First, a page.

WWE Has Wasted Tyson Kidd's Return to In-Ring Action

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WWE Has Wasted Tyson Kidd's Return to In-Ring Action
WWE.com

Since returning to WWE, Tyson Kidd has too often been the Ferrari sitting untouched in the garage.

After missing nearly a year of action with a severe knee injury, Kidd received no fanfare as he leaped back into the ring. He has since been the victim of missed opportunities and inattention from the WWE creative team.

Kidd tore his ACL, MCL and meniscus. He was left wondering if his career was over and, as he told WWE.com, asking himself, "Is my knee ever going to be 100 percent?"

The high-flying Canadian did make it back.

He toiled in rehab to get himself ready to spring around the ring once more. That journey was rife with the kind of drama that TV writers dream of composing. Rather than milk that story, WWE largely left it alone.

Kidd returned to WWE on Nov. 4 without as much as a sliver of hype.

A slickly produced video package built up Big Show's return to Raw. Mark Henry got the same treatment, made to look like an unstoppable force in his promo video.

WWE made no such video for Kidd. He just appeared after his long absence with the announcers essentially saying, "Hey, that guy's back." Tag teaming with his wife Natalya, he took on Summer Rae and Fandango.

Tyson Kidd's first match after returning from injury.

Fandango and Kidd had butted heads on Total Divas, as the new husband became jealous of the ballroom dancer.

This wasn't the greatest wrestling narrative in industry history, but it was a story. It was a feud that could give both foes motivation and add a layer to the in-ring action. Potentially, it was a current version of Jake Roberts clashing with Rick Rude in 1988 over how "The Ravishing One' had treated his wife.

Fandango and Kidd would face off again on the Nov. 11 edition of Raw. Here, the ballroom dancer got a fluky win over his frustrated foe.

Fandango defeats Tyson Kidd on Raw.

Instead of the animosity between these enemies escalating, instead of the story being given some new twist, WWE abandoned it, for the most part.

Natalya went on to challenge AJ Lee without Kidd in her corner. Fandango battled an assortment of Superstars, including Henry, Daniel Bryan and Dolph Ziggler. Without a climax, Kidd vs. Fandango was no more.

This was a feud that could have reintroduced Kidd back into the WWE world with momentum aplenty. It could have been the story of a man defending his wife's honor, becoming more aggressive and a touch unstable in the process.

Instead, WWE had Kidd lose cleanly on Superstars, a show few fans watch.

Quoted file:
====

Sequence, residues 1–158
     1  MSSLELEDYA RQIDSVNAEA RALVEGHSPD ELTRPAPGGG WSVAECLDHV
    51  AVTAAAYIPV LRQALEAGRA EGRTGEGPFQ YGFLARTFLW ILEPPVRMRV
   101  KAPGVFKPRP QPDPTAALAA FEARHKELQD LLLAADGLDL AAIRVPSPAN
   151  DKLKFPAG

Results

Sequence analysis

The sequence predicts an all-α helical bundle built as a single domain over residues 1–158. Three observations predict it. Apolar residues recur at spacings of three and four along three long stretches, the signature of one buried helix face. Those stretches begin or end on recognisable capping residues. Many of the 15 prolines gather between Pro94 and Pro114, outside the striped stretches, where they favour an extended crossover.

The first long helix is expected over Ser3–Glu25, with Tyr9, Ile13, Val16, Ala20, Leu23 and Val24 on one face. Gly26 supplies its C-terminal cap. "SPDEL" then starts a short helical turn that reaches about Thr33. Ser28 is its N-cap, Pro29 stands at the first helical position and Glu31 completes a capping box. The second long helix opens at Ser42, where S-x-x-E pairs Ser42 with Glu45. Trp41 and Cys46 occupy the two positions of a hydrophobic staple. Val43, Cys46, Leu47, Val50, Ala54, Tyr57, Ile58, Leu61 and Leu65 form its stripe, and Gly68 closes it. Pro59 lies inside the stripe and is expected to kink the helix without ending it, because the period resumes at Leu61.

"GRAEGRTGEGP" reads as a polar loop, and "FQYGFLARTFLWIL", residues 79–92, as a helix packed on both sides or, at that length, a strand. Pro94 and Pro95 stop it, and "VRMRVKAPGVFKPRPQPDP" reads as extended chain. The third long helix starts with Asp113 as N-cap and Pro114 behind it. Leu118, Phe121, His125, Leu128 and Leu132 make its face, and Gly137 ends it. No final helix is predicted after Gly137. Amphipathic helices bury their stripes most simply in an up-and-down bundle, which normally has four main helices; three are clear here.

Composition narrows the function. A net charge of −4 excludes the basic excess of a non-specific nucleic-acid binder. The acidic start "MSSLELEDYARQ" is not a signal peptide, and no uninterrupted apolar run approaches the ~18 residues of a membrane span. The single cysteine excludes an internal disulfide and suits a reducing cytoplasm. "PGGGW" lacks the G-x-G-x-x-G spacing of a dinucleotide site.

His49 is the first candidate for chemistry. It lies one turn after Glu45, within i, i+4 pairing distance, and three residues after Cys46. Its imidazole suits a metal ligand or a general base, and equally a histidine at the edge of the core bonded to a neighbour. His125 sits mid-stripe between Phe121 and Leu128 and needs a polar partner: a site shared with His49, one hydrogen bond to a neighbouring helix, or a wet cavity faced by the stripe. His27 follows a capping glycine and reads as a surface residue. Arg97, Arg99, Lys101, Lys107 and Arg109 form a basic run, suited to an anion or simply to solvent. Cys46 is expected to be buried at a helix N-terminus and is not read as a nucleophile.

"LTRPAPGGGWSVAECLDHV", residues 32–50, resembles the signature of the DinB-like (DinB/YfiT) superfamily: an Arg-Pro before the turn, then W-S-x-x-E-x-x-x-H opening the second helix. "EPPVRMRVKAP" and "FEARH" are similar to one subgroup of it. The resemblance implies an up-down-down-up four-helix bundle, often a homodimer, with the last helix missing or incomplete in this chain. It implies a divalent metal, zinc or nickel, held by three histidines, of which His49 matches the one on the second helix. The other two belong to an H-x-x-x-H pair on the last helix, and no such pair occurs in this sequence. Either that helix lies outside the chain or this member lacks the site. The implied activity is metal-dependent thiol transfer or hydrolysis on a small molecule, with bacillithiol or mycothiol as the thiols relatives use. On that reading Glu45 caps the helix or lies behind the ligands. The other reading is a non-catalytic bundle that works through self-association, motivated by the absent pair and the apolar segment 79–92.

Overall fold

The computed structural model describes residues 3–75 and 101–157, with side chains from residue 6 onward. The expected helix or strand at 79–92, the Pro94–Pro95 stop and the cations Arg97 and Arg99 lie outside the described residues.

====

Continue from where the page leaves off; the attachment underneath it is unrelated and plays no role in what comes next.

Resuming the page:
The company had another potential rivalry in the works for Kidd but failed to follow up on that one, either. On Nov. 13, Kidd clashed with former tag team partner Justin Gabriel.

Tyson Kidd locks up with Justin Gabriel on Main Event.

It was a match marked with sportsmanship and mutual respect. Gabriel won, but not in decisive fashion. The victory was painted as one man getting the best of another for the briefest of moments.

Gabriel took to Twitter to play up that angle.

There would be no best-of-seven series. There would be no chance for one of those wrestlers to turn amicable competition into something more vicious.

Just as it did with Fandango vs. Kidd, WWE let the potential feud with Gabriel shrivel on the vine.

No one was expecting Kidd to come back and get the John Cena treatment, getting catapulted straight to the world title picture. Still, Kidd is more valuable than WWE's resident benchwarmer. He's capable of far more than being on Superstars.

Stories and rivalries help maximize the roster's talents.

Brodus Clay and Tensai are getting the benefit of a narrative as their partnership dissolves. The Miz and Kofi Kingston's feud continues to smolder. Meanwhile, Kidd is being offered nothing.

WWE.com
Tyson Kidd has been asked to do this nearly enough since returning.

He was not asked to be a part of TLC. He hasn't been on Raw and SmackDown in weeks.

With no tag team partner, no rival, no direction and little time to shine in the ring, Kidd is all but guaranteed to flounder.

With the Royal Rumble nearing, WWE has a great shot of highlighting Kidd's stellar abilities. Should he last for an impressive amount of time in the Rumble match and last until there are just six competitors left, his 2014 will have far more thrust to it than what the end of 2013 had.

Or else, he can compete for Dean Ambrose's United States Championship or join the booming tag team division.

There has to be more WWE can do with Kidd than let him atrophy backstage.

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